DETECTER (Detection Technologies, Terrorism, Ethics and Human Rights) is an EU-funded FP 7 Security Research project which examines ethical and legal norms governing the use of detection technology in counter-terrorism. The project began in December 2008 and comes to an end in December 2011.  The project has carried out original research on controversial topics, like counter-terrorism data mining programmes, monitoring of Internet activity and the role of technology in pre-entry screening of foreign migrants.  It is also making contributions to debates on how privacy should be viewed in the counter-terrorism context. The project has pioneered private exchanges of views between technology developers, police, intelligence personnel, ethicists and human rights lawyers. These have produced constructive proposals for the modification of detection technology design and use.

On 7 September DETECTER are presenting their findings and recommendations – with responses from key policy makers and industry representatives, including Jeff Jonas, the Chief Scientist of IBM entity analytics group, and Sir David Pepper, former head of GCHQ.
 
If you are interested in attending or would just like more information please get in touch at detecter@contacts.bham.ac.uk.

The intelligence that led to Bin Laden’s arrest

Adam Goldman and Matt Apuzzo have (as usual) the best sources:

Shortly after the Sept. 11, 2001, terrorist attacks, detainees in the CIA’s secret prison network told interrogators about an important courier with the nom de guerre Abu Ahmed al-Kuwaiti who was close to bin Laden. After the CIA captured al-Qaida’s No. 3 leader, Khalid Sheikh Mohammed, he confirmed knowing al-Kuwaiti but denied he had anything to do with al-Qaida.

Then in 2004, top al-Qaida operative Hassan Ghul was captured in Iraq. Ghul told the CIA that al-Kuwaiti was a courier, someone crucial to the terrorist organization. In particular, Ghul said, the courier was close to Faraj al-Libi, who replaced Mohammed as al-Qaida’s operational commander. It was a key break in the hunt for in bin Laden’s personal courier.

Finally, in May 2005, al-Libi was captured. Under CIA interrogation, al-Libi admitted that when he was promoted to succeed Mohammed, he received the word through a courier. But he made up a name for the courier and denied knowing al-Kuwaiti, a denial that was so adamant and unbelievable that the CIA took it as confirmation that he and Mohammed were protecting the courier. It only reinforced the idea that al-Kuwaiti was very important to al-Qaida.

Was information obtained through waterboarding? No.

Mohammed did not discuss al-Kuwaiti while being subjected to the simulated drowning technique known as waterboarding, former officials said. He acknowledged knowing him many months later under standard interrogation, they said, leaving it once again up for debate as to whether the harsh technique was a valuable tool or an unnecessarily violent tactic.

It took years of work before the CIA identified the courier’s real name:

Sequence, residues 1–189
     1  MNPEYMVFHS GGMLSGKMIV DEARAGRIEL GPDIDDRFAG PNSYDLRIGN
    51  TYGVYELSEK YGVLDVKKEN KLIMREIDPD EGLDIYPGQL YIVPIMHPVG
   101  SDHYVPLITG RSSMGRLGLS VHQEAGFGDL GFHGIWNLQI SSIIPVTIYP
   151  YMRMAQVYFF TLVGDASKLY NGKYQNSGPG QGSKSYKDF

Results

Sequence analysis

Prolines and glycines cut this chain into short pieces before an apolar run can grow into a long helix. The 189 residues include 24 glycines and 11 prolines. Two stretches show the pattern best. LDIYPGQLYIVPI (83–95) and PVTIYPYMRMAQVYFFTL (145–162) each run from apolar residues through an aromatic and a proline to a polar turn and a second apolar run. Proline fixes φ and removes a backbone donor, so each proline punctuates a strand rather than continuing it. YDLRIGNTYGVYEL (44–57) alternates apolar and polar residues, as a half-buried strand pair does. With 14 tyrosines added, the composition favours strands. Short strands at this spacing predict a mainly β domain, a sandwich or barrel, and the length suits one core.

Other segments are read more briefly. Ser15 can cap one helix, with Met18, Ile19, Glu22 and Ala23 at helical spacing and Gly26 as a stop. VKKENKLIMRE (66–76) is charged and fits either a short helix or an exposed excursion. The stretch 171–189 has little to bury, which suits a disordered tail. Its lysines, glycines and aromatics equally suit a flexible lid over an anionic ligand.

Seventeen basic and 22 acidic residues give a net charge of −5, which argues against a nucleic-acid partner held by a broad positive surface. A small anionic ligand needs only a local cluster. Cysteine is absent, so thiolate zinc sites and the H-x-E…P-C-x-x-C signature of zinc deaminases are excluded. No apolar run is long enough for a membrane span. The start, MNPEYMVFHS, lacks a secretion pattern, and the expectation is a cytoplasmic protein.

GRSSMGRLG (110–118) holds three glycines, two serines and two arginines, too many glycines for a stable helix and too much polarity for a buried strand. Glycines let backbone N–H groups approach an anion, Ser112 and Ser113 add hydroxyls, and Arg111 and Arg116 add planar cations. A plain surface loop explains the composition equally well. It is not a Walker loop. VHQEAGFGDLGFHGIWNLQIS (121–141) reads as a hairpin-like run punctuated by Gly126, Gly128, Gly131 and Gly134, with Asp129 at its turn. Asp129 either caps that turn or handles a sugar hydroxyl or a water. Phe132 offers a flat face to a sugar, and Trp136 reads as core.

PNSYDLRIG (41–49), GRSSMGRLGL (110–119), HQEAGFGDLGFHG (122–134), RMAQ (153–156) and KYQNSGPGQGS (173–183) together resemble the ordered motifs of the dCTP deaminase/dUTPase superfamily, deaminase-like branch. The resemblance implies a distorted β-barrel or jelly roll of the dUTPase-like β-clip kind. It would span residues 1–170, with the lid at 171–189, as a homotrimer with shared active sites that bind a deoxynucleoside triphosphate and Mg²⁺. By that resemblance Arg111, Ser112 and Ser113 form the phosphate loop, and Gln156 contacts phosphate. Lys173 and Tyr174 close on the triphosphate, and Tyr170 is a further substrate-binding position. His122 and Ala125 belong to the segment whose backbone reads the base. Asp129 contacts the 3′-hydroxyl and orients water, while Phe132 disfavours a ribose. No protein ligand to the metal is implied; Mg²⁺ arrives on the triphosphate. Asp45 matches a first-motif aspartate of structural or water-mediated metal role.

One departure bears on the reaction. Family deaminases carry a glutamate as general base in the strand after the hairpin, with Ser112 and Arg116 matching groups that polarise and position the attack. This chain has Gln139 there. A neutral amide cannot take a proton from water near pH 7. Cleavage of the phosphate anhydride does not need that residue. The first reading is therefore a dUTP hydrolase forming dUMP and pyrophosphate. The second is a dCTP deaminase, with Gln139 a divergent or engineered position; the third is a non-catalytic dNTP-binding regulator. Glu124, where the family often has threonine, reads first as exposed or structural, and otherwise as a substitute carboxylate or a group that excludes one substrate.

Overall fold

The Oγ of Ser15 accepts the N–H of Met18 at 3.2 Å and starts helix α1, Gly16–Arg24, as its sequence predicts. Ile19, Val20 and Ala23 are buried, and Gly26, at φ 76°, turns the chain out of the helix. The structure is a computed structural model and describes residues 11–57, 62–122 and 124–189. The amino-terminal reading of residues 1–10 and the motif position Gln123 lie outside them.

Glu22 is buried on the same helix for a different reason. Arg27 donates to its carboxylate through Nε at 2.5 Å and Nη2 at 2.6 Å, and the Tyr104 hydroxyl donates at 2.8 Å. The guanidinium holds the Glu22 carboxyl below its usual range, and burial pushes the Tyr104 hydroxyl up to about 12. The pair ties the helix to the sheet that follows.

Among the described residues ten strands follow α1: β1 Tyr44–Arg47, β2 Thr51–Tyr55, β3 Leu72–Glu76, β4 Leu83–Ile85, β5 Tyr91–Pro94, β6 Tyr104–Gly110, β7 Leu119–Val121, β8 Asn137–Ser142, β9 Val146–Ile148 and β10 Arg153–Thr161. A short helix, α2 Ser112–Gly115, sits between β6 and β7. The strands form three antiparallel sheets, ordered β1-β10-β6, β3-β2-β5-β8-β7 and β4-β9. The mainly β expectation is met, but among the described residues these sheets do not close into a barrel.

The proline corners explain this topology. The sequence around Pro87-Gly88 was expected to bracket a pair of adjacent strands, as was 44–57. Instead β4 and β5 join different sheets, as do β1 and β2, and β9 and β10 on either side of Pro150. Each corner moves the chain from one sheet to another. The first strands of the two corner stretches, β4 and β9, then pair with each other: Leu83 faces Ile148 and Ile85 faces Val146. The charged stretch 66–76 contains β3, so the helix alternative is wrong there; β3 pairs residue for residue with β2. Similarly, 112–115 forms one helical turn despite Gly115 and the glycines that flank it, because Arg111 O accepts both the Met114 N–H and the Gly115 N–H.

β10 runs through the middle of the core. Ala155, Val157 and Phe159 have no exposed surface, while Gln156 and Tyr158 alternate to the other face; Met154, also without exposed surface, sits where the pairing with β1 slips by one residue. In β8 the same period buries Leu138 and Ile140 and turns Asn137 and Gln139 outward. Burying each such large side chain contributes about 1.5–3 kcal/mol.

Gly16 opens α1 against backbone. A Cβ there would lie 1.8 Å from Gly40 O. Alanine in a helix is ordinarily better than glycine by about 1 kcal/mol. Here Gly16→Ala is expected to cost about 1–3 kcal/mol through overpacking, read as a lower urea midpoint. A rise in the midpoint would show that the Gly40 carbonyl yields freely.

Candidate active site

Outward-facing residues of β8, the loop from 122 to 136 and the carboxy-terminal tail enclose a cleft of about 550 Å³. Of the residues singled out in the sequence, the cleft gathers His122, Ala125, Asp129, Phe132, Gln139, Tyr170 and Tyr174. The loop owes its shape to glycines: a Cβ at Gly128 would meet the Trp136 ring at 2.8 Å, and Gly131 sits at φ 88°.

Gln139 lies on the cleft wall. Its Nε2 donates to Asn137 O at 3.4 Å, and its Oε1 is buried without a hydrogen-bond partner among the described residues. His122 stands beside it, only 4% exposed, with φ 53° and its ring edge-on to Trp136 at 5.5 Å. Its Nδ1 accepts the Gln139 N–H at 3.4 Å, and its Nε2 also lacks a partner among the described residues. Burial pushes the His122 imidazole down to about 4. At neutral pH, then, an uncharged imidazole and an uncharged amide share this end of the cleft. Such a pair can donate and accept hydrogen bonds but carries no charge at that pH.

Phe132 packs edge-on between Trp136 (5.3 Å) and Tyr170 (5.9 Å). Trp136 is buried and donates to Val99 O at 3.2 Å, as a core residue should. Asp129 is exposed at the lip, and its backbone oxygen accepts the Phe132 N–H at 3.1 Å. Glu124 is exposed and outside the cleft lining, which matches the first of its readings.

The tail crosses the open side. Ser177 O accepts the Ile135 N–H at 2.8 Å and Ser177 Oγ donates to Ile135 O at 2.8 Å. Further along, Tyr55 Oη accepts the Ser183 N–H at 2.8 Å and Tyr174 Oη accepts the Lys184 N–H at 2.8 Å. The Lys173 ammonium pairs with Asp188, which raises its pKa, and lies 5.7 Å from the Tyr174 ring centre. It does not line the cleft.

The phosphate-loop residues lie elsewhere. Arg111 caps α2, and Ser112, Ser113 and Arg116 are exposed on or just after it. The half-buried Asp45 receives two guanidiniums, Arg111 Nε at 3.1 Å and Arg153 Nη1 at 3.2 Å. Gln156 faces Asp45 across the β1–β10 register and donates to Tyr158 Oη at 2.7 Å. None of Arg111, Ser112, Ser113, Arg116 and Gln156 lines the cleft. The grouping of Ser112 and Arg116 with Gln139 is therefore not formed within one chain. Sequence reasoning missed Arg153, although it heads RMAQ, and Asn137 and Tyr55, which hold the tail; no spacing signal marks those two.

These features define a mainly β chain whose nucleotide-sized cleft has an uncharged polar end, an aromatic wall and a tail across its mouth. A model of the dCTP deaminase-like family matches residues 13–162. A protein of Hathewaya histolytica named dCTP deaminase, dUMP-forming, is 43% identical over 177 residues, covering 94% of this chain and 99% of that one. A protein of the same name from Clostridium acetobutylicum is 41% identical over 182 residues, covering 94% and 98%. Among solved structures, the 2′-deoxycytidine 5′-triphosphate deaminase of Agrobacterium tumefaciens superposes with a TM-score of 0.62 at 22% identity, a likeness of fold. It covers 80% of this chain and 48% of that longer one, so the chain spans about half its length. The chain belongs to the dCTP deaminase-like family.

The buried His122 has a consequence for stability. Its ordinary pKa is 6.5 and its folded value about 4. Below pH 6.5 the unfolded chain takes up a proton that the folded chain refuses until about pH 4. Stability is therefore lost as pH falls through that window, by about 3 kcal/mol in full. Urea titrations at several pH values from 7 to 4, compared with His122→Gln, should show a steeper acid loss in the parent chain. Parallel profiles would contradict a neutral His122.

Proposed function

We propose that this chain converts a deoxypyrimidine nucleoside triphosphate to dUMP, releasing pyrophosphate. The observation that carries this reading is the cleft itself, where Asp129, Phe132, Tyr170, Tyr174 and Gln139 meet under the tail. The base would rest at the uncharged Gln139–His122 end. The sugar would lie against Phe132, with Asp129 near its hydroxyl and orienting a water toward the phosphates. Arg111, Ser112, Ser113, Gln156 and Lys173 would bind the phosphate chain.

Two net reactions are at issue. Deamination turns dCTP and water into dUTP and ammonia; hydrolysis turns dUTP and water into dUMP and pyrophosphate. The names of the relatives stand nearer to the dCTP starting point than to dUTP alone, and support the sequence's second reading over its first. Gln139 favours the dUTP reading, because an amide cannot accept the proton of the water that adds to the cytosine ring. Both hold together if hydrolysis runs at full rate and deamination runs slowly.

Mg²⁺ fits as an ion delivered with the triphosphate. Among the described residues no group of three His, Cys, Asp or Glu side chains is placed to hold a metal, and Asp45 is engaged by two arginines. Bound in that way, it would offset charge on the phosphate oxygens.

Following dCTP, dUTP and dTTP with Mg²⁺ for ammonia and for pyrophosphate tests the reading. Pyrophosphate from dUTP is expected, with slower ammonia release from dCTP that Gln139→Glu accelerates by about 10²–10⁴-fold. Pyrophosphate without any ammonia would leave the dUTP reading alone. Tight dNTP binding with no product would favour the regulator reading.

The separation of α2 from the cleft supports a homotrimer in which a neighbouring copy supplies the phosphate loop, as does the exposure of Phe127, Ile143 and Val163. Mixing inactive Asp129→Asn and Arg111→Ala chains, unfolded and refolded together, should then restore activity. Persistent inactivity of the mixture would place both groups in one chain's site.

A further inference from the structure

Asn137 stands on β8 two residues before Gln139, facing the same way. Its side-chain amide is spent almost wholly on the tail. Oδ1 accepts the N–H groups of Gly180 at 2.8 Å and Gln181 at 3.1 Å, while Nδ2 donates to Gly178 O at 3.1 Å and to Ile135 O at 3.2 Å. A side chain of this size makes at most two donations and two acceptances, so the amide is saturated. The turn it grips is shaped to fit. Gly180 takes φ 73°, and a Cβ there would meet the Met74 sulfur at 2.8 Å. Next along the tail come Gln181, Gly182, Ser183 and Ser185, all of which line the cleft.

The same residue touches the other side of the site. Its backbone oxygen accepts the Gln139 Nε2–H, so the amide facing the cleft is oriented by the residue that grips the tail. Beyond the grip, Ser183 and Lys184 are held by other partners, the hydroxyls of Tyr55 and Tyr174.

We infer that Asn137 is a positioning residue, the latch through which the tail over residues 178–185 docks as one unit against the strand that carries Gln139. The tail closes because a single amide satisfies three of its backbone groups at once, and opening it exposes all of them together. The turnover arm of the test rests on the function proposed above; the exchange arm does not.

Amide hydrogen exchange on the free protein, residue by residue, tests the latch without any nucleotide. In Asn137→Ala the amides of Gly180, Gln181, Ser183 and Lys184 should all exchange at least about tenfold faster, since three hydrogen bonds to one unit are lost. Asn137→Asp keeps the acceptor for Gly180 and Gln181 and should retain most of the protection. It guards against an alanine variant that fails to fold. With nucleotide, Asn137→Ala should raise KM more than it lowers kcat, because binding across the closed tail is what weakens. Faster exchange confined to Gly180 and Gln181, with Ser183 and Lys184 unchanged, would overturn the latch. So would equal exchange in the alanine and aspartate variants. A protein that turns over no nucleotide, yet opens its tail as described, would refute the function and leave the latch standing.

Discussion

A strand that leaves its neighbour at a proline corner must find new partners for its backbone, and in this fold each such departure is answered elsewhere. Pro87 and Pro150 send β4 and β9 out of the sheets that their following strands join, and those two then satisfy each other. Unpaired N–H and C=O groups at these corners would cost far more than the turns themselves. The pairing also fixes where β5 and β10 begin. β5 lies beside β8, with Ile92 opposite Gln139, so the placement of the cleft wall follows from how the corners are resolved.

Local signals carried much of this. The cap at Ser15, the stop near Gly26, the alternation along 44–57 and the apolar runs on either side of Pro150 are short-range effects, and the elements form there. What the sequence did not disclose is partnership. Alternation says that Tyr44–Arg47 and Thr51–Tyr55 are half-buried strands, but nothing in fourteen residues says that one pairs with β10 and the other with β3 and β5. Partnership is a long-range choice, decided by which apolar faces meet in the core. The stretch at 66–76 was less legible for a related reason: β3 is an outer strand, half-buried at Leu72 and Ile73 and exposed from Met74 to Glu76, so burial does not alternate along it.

Sheikh Abu Ahmed, a Pakistani man born in Kuwait. When they did
identify him, he was nowhere to be found.

SEALS got order to kill, not capture Osama Bin Laden?

An interesting detail in the story about Osama Bin Laden is that the 40 Navy Seals went to “kill, not capture Bin Laden” according to Reuters, quoting an anyonymous U.S security official. In a statement released 20 minutes before the  Reuters news the EU counter-terrorism coordinator Gilles De Kerchove, however  saidthat

Based on the available information, the circumstances of this difficult operation made it impossible to capture Osama Bin Laden alive.

(Update: Just listened to BBC World. A White House official tells the reporter that “there was no decision to automatically go for a kill. US military personnel are not authorised to kill if a subject surrenders, but because of who Bin Laden was it was widely assumed that there would be a kill. The White House also says it was Bin Laden who ‘cowardly hid’ behind a woman.”)

(Update 2: John Brennan, the White House’s chief counterterrorism advisor, was asked at a press conference whether the mission was to capture or kill Osama bin Laden. He says that the forces were prepared for “all contingencies,” but if the forces had an opportunity to capture bin Laden, they would have done so.)

(Update 3: It’s getting more complicated. The Daily Telegraph now  reports that now the White House acknowledged that bin Laden did not have a weapon at the time he was shot, and did not fire back. However, U.S. officials continued to insist, while not offering details, that bin Laden resisted the U.S. military team. A bit more details can be found here, while Slate provides context on how to ‘read the Bin Laden coverage’)

(Update 4: UN High Commissioner for Human Rights Navi Pillay asks the US for details on the precise circumstances of Bin Laden’s death.)

In any case any order to kill, rather than detain OBL would be entirely unsurprising and in line with Obama’s general detention practices in the fight against terrorism. There was little to be gained politically by arresting and detaining OBL. It only would have caused the President (again) many domestic headaches.  Where should the US detain and interrogate OBL? Guantanamo was not an option for the president, the Parwan Detention Facility in Afghanistan was off limits, and bringing Osama to the US would have created political mayhem as well. “Bringing Osama to justice” therefore always meant killing him, and not giving him a military or civilian trial.

It is also interesting to see that the use of drones, the US’ favorite technique to kill terrorist suspects in Pakistan to date, apparently wasn’t really contemplated to use in the case of such a high value target as Osama Bin Laden. There’s no clear explanation for this: was it because drones are mainly used to target “mere foot soldiers” or “lower-level fighters” anyway? Probably not. Was it because the US really wanted to make clear Osama Bin Laden had died, and there wasn’t enough intelligence to know for sure that Osama was in the compound? Perhaps. We know that Navy Seals checked the identity of Osama Bin Laden with a DNA test and face-recognition technology. (I hope they used better equipment than this one by the way.)